In the second of three programs exploring the prehistory of Greater Yellowstone, Dr. Bob Carson discusses The Ultimate Geologic Coincidence. Co-sponsored by the Buffalo Bill Center of the West’s Draper Natural History Museum and the Greater Yellowstone Coalition, the free talk takes place June 15 at 6:15 p.m. in the Center of the West’s Coe Auditorium. The presentation is followed by a reception of light hors d’oeuvres with a cash bar.
In his talk, Carson discusses the rocks, fossils, landforms, and other geologic highlights of an area that includes Yellowstone National Park, the Bighorn Basin, the Clark’s Fork Valley, and the Absaroka and Beartooth Mountains. The region’s fascinating geology includes rocks of nearly every geologic period and of various types—plutonic, volcanic, metamorphic, and sedimentary—and contains fossils from several periods as well. Carson asks, “Does anywhere else on Earth have such great geologic variety in such a small area?”
Born and raised in Virginia with summers spent in northern New England, Carson’s adventures in mountaineering, whitewater boating, and spelunking sparked an early interest in geology. He studied the subject at Cornell University, and then earned a Master of Science degree at Tulane University. His doctoral research at the University of Washington led to work with the Washington Department of Ecology and the Washington Division of Geology and Earth Resources.
Carson has taught at North Carolina State University, the University of Oregon, and since 1975 at Whitman College in Walla Walla, Washington, where he is now the Phillips Professor of Geology and Environmental Studies. Carson considers himself a Quaternary geologist, and is particularly interested in the study of resources, pollution, forests, and the oceans.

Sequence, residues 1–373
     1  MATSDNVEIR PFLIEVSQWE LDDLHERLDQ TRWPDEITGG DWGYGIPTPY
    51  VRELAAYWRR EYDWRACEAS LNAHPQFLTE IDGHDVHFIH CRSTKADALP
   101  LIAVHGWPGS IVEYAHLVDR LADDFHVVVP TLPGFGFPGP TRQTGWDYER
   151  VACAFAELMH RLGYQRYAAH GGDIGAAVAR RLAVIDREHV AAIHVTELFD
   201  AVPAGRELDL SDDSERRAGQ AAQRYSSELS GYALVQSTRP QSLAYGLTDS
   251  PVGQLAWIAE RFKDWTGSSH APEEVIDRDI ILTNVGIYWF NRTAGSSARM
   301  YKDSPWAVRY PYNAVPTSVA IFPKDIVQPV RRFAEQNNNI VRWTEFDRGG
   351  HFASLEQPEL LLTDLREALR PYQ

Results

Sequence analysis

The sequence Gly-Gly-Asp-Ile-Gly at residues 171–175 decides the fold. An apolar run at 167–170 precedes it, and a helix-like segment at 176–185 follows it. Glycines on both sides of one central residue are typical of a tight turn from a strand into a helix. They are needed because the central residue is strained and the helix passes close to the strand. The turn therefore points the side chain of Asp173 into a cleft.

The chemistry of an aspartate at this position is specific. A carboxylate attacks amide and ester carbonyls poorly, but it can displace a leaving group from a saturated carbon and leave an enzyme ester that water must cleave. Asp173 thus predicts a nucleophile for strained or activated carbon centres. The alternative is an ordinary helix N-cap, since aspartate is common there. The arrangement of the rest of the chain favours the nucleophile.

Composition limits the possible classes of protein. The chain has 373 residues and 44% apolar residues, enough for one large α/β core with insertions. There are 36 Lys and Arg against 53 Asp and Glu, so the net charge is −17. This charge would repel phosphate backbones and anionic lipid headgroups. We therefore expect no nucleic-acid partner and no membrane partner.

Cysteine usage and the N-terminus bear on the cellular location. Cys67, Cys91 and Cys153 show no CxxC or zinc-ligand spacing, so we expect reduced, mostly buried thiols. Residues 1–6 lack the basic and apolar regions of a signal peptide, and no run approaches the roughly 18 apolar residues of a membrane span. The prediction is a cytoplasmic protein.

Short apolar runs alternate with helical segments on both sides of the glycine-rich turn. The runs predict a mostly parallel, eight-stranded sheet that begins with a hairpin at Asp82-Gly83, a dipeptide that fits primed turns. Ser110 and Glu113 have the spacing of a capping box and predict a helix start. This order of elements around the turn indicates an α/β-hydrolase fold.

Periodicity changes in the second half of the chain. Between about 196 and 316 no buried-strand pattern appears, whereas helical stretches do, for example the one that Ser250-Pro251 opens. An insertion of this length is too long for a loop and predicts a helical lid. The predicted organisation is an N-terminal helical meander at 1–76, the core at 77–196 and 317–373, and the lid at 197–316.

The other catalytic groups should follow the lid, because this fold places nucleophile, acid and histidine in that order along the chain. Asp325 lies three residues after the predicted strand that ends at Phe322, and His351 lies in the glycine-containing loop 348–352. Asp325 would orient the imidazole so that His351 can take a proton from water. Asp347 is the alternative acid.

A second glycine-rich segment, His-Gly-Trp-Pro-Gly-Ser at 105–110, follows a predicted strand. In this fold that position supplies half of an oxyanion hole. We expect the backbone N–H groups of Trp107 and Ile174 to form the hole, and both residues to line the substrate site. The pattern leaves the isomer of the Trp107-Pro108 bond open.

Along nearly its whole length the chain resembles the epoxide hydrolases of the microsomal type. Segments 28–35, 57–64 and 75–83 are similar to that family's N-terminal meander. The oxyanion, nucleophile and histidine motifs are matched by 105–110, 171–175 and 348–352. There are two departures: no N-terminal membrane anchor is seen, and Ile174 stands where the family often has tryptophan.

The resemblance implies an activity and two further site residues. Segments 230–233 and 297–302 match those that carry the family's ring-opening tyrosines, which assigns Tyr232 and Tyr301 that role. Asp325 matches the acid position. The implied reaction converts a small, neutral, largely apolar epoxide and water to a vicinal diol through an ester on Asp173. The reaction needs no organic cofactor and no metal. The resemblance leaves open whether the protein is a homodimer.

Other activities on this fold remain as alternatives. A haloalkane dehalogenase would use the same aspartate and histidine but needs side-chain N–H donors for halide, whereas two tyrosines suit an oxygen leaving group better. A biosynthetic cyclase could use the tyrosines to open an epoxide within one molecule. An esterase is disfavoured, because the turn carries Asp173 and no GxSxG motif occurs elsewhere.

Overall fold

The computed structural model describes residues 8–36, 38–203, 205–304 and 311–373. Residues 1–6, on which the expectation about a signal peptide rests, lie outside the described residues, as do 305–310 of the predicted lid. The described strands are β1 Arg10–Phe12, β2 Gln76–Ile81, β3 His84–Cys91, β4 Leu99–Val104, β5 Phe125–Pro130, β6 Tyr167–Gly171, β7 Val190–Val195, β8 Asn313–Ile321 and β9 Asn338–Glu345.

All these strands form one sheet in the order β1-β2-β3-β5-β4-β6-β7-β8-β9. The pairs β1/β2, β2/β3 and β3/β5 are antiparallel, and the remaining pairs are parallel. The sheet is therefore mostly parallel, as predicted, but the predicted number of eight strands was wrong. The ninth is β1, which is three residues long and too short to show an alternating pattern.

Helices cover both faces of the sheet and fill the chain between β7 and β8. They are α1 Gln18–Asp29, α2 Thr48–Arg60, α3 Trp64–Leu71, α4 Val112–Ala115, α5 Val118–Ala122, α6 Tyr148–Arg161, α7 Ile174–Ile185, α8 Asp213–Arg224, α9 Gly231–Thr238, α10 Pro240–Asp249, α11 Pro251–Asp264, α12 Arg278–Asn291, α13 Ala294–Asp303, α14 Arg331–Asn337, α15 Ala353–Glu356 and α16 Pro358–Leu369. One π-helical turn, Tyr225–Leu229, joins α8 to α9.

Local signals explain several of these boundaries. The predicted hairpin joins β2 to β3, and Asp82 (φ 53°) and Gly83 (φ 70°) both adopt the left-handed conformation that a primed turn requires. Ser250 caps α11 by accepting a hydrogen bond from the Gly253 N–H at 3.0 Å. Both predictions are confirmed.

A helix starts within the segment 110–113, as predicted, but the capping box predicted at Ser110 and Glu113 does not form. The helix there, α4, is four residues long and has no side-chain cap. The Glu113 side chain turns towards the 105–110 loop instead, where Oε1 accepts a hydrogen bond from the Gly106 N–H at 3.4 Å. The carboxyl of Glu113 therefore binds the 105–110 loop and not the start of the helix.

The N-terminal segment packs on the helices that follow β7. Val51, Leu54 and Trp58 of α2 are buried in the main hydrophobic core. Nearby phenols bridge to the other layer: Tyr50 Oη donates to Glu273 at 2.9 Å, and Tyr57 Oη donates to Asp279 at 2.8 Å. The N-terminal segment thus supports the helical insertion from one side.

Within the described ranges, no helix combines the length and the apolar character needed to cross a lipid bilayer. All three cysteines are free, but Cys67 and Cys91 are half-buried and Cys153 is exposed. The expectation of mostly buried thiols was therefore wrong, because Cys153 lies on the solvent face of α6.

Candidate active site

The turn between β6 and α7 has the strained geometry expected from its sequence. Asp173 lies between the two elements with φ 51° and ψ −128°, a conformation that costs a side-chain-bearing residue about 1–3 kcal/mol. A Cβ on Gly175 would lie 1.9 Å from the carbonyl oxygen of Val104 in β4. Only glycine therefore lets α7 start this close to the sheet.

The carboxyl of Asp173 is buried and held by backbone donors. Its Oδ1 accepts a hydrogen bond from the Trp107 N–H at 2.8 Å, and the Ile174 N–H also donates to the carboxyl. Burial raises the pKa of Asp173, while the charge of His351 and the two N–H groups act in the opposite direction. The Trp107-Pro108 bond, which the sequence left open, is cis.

Carson has taught on the Semester-At-Sea program twice, and has directed foreign study programs in England and Spain. He currently does research in Washington, northeastern Oregon, northwestern Wyoming, and Mongolia. His books include Hiking Guide to Washington Geology, Where the Great River Bends, and East of Yellowstone. Carson’s latest book, Many Waters, is about the natural history of the Walla Walla area, and is due out this year.
The Draper Museum and Greater Yellowstone Coalition series concludes July 21 with Dr. Cathy Whitlock’s talk on Yellowstone’s Past, Yellowstone’s Future. For more information on this special lecture series, contact Draper Curatorial Assistant Bonnie Smith at [email protected] or 307-578-4020, or visit centerofthewest.org/explore/greater-yellowstone-natural-history/programs/.
Since 1917, the award-winning Buffalo Bill Center of the West in Cody, Wyoming, has devoted itself to sharing the story of the authentic American West. The Center is an affiliate of the Smithsonian Institution. For additional information, visit centerofthewest.org or the Center’s Facebook page.